Police explanation of deadly Fujian bus blaze questioned by sceptics
Scepticism over cause of blaze that left 47 dead indicative of wider public distrust in authorities
Soon after a fire on a crowded commuter bus killed 47 people and injured 34, authorities offered an explanation: One of the dead had written a suicide note, boarded the bus during the evening rush and set it ablaze.
After doubts were raised online, police said they found pieces of the burned cart and woven bag the arsonist used to transport petrol. They said survivors saw Chen Shuizong set the fire, and his wife and daughter confirmed that the suicide note was written in his handwriting.
Many are still not buying it, though. Their reaction reveals at least as much about their distrust of the government as it does about the June 7 fire in Xiamen, Fujian province.
"How can you solve a case in such a short period of time?" Liu Shanying of the Chinese Academy of Social Sciences asked. "And the suspect is dead. From a legal point of view, the case just looks very suspicious."
The central government tightly controls access to information, censors the media and regularly refuses to provide data. Incidents of authorities or officials denying an event or guilt, only to later be found to have been lying, have added to citizens' distrust, as has endemic corruption.
Police changed their story twice following an explosion that killed four people last year at a community centre in Yunnan province's Qiaojia county. Twelve hours after the blast, they said a woman with a one-year-old was the perpetrator. Days later, they named a different suspect and stated categorically that he was responsible. Three months later, two other men were named the suspects.
Last month, authorities announced that they were investigating "suspected serious disciplinary violations" by Liu Tienan , deputy chief of the National Development and Reform Commission. But that came months after the agency fiercely denied a prominent journalist's accusations that Liu had shady ties with a businessman, was involved in large, problematic bank loans and had made up his academic qualifications.
Such backpedalling has made people more suspicious of the official versions of events.
In the case of the bus fire, police on Monday offered a greater level of substantiation than usual, but sceptics still want to see the suicide note, which has not been released, and any video that may have been taken inside the bus.
"So many suspicious points, if you really think about it," said Xie Tianming, a photographer based in Fujian. "How is there the space for a person to pour out [petrol] and light it in a crowded place? And no one saw it to stop it? No testimony from survivors? Where is the driver? Who can believe the lie that in this high-tech era we can't get surveillance footage?"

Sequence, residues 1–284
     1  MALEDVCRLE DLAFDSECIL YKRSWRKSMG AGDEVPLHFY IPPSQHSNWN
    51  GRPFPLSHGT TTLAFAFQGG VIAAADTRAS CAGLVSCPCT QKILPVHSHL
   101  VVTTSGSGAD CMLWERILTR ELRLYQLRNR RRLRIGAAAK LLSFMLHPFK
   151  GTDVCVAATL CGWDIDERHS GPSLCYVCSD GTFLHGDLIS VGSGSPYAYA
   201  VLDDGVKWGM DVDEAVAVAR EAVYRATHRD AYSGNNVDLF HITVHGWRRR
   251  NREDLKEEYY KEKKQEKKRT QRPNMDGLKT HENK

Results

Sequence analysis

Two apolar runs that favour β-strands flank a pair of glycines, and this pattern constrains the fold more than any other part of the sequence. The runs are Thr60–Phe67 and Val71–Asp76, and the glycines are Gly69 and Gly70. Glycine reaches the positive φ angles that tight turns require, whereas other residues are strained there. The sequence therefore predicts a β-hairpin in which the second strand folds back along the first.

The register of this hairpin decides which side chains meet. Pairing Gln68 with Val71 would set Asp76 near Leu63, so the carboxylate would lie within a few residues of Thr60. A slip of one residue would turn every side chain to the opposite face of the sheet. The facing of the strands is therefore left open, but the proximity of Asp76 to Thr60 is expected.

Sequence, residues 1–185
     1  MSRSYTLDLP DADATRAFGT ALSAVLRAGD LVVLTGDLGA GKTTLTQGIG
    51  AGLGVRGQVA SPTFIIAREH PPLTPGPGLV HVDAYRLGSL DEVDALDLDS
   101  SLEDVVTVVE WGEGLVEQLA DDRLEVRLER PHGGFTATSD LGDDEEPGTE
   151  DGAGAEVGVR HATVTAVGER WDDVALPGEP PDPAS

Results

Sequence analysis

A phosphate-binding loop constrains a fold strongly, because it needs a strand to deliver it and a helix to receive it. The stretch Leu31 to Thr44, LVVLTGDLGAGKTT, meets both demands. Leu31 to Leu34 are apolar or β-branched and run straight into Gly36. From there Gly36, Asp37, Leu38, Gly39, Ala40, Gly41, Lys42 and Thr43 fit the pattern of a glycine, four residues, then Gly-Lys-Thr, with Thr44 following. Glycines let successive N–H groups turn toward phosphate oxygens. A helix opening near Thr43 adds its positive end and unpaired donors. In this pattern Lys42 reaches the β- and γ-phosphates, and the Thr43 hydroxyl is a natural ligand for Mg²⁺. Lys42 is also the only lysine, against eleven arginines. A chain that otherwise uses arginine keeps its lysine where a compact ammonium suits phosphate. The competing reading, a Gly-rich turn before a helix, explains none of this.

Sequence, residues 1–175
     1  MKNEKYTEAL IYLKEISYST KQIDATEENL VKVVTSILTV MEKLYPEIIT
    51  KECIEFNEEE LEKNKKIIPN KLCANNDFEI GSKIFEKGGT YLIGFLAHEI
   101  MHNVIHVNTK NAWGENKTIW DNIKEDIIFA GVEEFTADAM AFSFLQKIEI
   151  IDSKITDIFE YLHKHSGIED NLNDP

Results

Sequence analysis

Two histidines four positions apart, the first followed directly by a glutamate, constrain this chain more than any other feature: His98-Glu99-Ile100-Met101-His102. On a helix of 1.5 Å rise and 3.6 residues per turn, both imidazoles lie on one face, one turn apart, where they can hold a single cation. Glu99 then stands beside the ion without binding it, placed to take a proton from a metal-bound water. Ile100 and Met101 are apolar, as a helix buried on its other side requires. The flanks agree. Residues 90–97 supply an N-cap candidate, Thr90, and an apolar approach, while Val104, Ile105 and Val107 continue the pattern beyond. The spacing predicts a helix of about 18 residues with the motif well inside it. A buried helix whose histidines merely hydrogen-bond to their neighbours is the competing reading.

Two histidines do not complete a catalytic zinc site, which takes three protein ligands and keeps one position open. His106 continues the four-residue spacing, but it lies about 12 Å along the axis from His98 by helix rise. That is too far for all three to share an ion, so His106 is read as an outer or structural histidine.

In a microblogging account reported by state media to belong to Chen, the writer claimed to be destitute and pleaded for an opportunity to live. The writer chronicled his frustrated efforts to get a local police station to correct his age so he could be eligible for social security payments. The last entries were made a day before the fire, and the account was removed the day after the blaze.
Some question how an impoverished man needing social security could afford a computer, or that a man of his age - born in 1954, authorities say - knew how to use the microblogging site.
"A confession online and an identity of petitioner makes one a suspect," lawyer Liu Xiaoyuan wrote on Sina Weibo. "It is lucky there was only one petitioner on the bus. What if there were more? It would be seen as a group alienating themselves from society. Why doesn't the police release the evidence?"
Such doubts are voiced every time there is a violent episode that the government blames on a loner. They illustrate the tensions between a government that seeks to control information and citizens emboldened to question official accounts online, where there is lively debate, criticism and access to more information than ever.
"People are becoming even more distrustful," said David Zweig, professor of social science at Hong Kong University of Science and Technology.
"In general, society in China pays a huge price for all kinds of government abuse or for company misbehaviour," he said. "That's the main theme in China these days, and so if this guy cracked because of one of those situations, the entire bureaucracy has no interest in it being publicised … And the Chinese people know it."